On the H-Block platforms from the outset, there poured an undiluted barrage of blatant sectarianism. The call was made for complete “nationalist unity” behind the hunger strikers.

But it was not only Protestant workers who were alienated. Towards the end of the hunger strike there was a distinct drawing back by sections of the Catholic community. It was not that people were any less sympathetic to the plight of the hunger strikers, but rather were repelled by the sectarian poison pouring from the platforms.

On 10 December the National H-Block Committee called for a general strike in Ireland. Even by their own subsequent claims, the strike was a flop.

In Derry the attendance was only half that of the previous stoppage. It was this failure and the partial ending of the protest movement which permitted the government to limit the concessions.

It was also clear throughout all H-Block activity that the call for “political status” was by no means universally supported, even in former Provisional strongholds. Many statements of support for the prisoners made it clear that this support was offered on humanitarian grounds.

The international support which came from many countries was also expressed in these terms. This was the key factor permitting the ruling class to adopt a position of total intransigence on the demand for political status.

Against the H-Block protesters imperialism did not have to resort to its favourite weapon of divide and rule. The H-Block Committees did it for them. By their every word they increased sectarianism, and by so doing scared away an ever more hostile Protestant community.

H-Block could have been take up in a non-sectarian way by the labour movement. Throughout the hunger strike and indeed throughout the course of the H-Block protest, this newspaper has fought against the sectarian manner in which the issues were posed. Instead we fought for a class approach, with the labour movement taking up the issue in class terms.

We called for a programme of prison reform to cover all prisoners which would have included the right to wear their own clothes, to negotiate choice of work and training and education, access to the media, unrestricted numbers of letters and trade union rates of pay.

We did not support the call that was raised by the Provos and the UDA for political status for all their members. Instead we called for a review by the labour movement of the cases of all those convicted on charges arising out of the Northern Ireland troubles, in order to determine who is, in the eyes of the labour movement, a political prisoner.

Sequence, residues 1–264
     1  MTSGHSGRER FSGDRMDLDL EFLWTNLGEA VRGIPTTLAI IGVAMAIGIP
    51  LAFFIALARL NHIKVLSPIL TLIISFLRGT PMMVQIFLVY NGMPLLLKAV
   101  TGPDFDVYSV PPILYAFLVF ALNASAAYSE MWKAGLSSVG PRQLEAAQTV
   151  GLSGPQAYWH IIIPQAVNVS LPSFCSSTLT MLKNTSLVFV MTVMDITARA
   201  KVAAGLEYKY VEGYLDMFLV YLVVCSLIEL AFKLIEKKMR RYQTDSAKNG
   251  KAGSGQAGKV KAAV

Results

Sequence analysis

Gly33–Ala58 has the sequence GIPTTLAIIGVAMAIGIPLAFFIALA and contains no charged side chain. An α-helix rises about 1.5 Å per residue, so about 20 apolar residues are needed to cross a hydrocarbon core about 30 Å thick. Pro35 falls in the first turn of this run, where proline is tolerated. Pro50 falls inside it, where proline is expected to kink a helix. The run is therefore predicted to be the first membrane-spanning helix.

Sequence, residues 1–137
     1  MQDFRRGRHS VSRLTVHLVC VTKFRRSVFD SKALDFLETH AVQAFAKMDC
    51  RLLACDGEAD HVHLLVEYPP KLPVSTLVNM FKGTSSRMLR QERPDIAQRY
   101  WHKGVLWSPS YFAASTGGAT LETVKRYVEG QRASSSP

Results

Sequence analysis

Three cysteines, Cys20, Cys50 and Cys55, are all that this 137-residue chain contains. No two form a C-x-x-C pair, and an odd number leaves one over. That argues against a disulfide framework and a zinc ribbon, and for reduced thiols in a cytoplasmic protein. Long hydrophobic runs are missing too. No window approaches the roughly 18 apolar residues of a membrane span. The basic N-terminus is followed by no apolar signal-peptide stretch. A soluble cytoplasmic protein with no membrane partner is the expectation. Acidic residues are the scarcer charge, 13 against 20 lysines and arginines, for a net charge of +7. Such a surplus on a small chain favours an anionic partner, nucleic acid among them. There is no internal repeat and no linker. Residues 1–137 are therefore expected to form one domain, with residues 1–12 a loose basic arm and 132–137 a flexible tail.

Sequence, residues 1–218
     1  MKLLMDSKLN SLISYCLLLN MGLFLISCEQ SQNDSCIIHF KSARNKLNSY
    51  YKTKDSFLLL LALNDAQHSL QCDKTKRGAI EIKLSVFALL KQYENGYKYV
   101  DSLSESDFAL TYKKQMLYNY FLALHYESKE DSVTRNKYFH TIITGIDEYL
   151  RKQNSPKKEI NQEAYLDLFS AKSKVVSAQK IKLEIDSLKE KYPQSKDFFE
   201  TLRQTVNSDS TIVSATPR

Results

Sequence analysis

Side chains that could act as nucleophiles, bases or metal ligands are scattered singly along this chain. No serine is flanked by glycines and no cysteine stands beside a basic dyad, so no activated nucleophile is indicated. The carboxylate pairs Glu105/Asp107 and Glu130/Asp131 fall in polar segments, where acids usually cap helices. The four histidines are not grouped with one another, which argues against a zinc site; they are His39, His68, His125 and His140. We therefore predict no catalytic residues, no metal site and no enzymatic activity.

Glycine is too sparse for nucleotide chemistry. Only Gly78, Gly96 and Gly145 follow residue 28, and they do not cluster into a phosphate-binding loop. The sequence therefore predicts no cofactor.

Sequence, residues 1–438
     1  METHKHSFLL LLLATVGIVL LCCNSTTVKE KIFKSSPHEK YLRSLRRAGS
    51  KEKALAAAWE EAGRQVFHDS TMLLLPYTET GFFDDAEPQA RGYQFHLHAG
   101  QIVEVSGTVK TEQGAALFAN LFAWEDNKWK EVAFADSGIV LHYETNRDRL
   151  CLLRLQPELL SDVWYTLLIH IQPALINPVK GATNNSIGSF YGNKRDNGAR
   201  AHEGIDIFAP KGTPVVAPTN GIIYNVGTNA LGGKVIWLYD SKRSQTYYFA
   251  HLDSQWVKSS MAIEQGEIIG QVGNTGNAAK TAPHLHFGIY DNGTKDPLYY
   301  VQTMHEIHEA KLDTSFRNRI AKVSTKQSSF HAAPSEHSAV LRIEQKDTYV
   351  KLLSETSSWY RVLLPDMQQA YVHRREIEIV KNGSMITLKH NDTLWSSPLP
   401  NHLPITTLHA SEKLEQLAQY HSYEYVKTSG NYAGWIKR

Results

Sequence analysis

Inside H-Block are many people convicted on the basis of frame-ups or torture, or who joined organisations like the Provos in the mistaken belief that they were fighting against the present economic system.

While a great number of such individuals would be regarded as political prisoners, those who consciously set out to divide the working class along sectarian lines and who were responsible for sectarian atrocities are clearly not political prisoners in any sense in which the labour movement internationally uses the term.

This class programme should still be taken up and campaigned for by the labour movement, irrespective of the immediate H-Block situation. Action on the basis of our programme could have ended the horror of H-Block years ago.

This is the key lesson of the entire episode. Only the labour movement can effectively resist repression. In Northern Ireland this means united and joint action by Protestant and Catholic workers, for which there can be no substitute.

It is not clear whether the blanket protest will now end. The immediate response of the ruling class to the prisoners was extremely concessionary, in attempts to get them off the protest. But there are no guarantees that this approach will be made again. The original concessions won in 1972 were unceremoniously removed by the ruling class.

Their approach in Northern Ireland will be in support of repressive government. Changes of prison conditions do not resolve the question of the use of repression legislation and the existence of non-jury courts.

The outcome of the hunger strike will ultimately strengthen the government’s hand in using its sophisticated apparatus of repression. It is now clear that only the labour movement can provide a challenge to this, and that in its own class interest it must now begin to do so.

[This is a shortened version of the article which first appeared in the January 1981 issue of Militant Irish Monthly.]